Updated Jan 28, 2023 - Politics & Policy

Memphis Police disband Scorpion unit after Tyre Nichols footage release

RowVaughn Wells speaks through a bullhorn during a vigil for her son Tyre Nichols at Tobey Skatepark in Memphis, Tenn., on Jan. 26. Photo: Brandon Dill for The Washington Post via Getty Images

The Memphis Police Department has permanently disbanded the special unit Scorpion in the wake of murder charges brought against five of its members in connection to Tyre Nichols' death.

The big picture: The announcement comes less than 24 hours after the city released police bodycam and security surveillance footage that showed multiple officers kicking, punching and striking Nichols with a baton as he screamed for help and pleaded for them to stop.

  • Scorpion, which stands for The Scorpion for Street Crimes Operation to Restore Peace in Our Neighborhoods, was first formed in 2021 in a bid to crack down on violent crime in Memphis but has faced controversy over its tactics and police officers' conduct.
  • Its members primarily deal with illegal gun possession, carjacking and homicides but often drove unmarked police cars as they patrol neighborhoods, typically in 10-man teams.
  • The police department faced increasing calls, led by Nichols' family, to dissolve the unit after his death — those calls have only escalated since graphic footage of the beating was released Friday night.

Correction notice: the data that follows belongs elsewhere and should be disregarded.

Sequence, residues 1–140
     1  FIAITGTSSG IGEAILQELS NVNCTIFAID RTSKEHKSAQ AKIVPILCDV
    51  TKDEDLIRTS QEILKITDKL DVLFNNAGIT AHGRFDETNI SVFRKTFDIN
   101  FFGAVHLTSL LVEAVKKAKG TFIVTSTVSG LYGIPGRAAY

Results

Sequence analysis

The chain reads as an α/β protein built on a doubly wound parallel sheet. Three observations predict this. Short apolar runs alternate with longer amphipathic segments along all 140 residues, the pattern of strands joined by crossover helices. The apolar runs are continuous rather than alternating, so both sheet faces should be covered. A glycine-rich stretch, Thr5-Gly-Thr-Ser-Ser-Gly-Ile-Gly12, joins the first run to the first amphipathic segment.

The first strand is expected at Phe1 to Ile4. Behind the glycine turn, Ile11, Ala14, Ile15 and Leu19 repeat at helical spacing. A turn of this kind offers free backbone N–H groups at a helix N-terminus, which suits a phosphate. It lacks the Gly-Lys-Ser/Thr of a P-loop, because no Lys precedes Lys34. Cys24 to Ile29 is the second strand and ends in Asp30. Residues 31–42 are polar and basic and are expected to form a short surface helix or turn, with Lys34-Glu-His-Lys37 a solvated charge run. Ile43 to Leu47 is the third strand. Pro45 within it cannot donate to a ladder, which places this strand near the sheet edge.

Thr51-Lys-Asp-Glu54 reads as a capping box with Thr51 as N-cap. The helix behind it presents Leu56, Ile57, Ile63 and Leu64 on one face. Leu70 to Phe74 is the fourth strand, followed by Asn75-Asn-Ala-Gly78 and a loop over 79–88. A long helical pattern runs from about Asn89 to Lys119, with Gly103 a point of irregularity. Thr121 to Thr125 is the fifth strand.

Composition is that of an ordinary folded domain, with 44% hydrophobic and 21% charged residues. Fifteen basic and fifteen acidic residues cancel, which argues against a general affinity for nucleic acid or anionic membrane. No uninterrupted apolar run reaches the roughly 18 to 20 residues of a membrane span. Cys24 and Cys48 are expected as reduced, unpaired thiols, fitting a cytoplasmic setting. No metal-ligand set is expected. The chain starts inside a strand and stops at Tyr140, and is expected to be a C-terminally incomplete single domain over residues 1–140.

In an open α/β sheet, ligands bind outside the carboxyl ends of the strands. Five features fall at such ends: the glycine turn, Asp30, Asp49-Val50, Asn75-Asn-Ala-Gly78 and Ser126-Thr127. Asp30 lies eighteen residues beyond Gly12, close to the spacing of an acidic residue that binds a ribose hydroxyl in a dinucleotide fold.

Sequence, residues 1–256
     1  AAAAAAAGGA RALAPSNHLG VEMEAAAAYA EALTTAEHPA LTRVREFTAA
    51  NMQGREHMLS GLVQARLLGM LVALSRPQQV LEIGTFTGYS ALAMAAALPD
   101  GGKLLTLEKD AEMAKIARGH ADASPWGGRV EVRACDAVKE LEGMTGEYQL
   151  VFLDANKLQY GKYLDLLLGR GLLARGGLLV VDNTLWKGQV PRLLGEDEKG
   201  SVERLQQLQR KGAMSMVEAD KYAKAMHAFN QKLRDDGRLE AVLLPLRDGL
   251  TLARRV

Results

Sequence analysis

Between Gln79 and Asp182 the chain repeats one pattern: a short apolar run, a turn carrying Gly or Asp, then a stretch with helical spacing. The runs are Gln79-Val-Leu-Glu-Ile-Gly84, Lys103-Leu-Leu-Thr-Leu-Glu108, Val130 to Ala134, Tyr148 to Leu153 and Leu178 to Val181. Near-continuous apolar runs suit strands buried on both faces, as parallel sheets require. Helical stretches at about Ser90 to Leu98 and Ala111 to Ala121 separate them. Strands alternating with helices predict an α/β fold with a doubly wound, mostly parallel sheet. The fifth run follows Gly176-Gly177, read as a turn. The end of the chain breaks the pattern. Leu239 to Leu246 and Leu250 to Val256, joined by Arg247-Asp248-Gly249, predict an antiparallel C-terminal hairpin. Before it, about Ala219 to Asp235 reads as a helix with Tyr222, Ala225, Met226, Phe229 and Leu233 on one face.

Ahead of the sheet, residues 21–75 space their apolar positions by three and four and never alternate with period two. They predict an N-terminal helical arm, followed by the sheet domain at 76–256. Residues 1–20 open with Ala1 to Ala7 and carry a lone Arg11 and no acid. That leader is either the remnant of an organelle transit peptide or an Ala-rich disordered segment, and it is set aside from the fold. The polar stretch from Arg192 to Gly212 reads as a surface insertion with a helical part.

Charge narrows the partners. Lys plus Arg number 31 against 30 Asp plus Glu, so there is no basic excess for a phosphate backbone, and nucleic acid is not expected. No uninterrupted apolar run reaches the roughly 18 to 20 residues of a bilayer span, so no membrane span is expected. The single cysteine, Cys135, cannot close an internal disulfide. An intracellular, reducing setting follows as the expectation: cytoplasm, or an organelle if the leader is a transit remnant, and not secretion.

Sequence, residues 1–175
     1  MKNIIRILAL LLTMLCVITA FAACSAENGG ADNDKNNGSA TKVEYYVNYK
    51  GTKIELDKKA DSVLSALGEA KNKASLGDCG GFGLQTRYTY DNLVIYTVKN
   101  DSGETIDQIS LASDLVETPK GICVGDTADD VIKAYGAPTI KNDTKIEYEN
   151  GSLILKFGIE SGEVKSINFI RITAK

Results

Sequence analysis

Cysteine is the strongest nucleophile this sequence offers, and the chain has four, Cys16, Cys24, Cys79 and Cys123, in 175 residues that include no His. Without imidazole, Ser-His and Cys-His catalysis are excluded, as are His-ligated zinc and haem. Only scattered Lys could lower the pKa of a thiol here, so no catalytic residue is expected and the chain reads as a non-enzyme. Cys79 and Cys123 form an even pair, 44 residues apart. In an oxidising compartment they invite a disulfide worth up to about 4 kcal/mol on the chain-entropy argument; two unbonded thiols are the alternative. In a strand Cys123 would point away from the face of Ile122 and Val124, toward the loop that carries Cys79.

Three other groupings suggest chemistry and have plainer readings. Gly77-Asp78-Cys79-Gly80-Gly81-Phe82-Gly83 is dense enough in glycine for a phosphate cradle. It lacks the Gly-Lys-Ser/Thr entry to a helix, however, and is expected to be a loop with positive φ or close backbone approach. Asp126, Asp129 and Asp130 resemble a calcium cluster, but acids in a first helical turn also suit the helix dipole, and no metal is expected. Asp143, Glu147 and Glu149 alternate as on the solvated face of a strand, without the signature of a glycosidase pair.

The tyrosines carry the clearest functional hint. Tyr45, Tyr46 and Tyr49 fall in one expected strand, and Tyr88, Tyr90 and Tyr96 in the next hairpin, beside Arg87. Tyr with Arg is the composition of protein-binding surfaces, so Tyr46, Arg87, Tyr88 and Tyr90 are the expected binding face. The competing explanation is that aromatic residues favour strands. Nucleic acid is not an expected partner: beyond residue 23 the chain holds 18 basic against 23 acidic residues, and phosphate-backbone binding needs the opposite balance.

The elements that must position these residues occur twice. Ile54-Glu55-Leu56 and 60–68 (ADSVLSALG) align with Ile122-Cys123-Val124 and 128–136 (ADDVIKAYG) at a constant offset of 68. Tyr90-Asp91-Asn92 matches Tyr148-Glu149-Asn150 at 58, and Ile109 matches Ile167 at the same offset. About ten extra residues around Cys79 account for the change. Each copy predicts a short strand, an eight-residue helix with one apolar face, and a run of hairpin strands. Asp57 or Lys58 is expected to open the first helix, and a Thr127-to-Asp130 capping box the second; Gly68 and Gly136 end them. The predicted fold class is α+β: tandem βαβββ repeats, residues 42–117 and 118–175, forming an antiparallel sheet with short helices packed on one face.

Details: Scorpion members met with Memphis Police Chief Cerelyn Davis on Saturday to discuss the unit's future, according to a statement from Memphis Police.

  • "In the process of listening intently to the family of Tyre Nichols, community leaders, and the uninvolved officers who have done quality work in their assignments, it is in the best interest of all to permanently deactivate the SCORPION Unit," the statement reads.
  • "While the heinous actions of a few casts a cloud of dishonor on the title SCORPION," Memphis Police and officers assigned to the unit "agree unreservedly with this next step."

Worth noting: The unit was suspended after Nichols' beating, which spurred Davis to order an independent review of the force.

  • Several civil rights leaders, including attorney Ben Crump, who is representing Nichols' family, have said Nichols' death should prompt a nationwide reckoning with the use of special unit operations.
  • An open letter penned by Crump and fellow attorney Antonio Romanucci this week also pointed to the ways in which special units enable "wolf pack" misconduct and how these units cause "cause terror in minority communities."

What to watch: Crump and Romanucci have urged the Department of Justice and the Major Cities Chiefs Association, an organization of police executives in the U.S. and Canada, to open probes into cities that use similar tactics.

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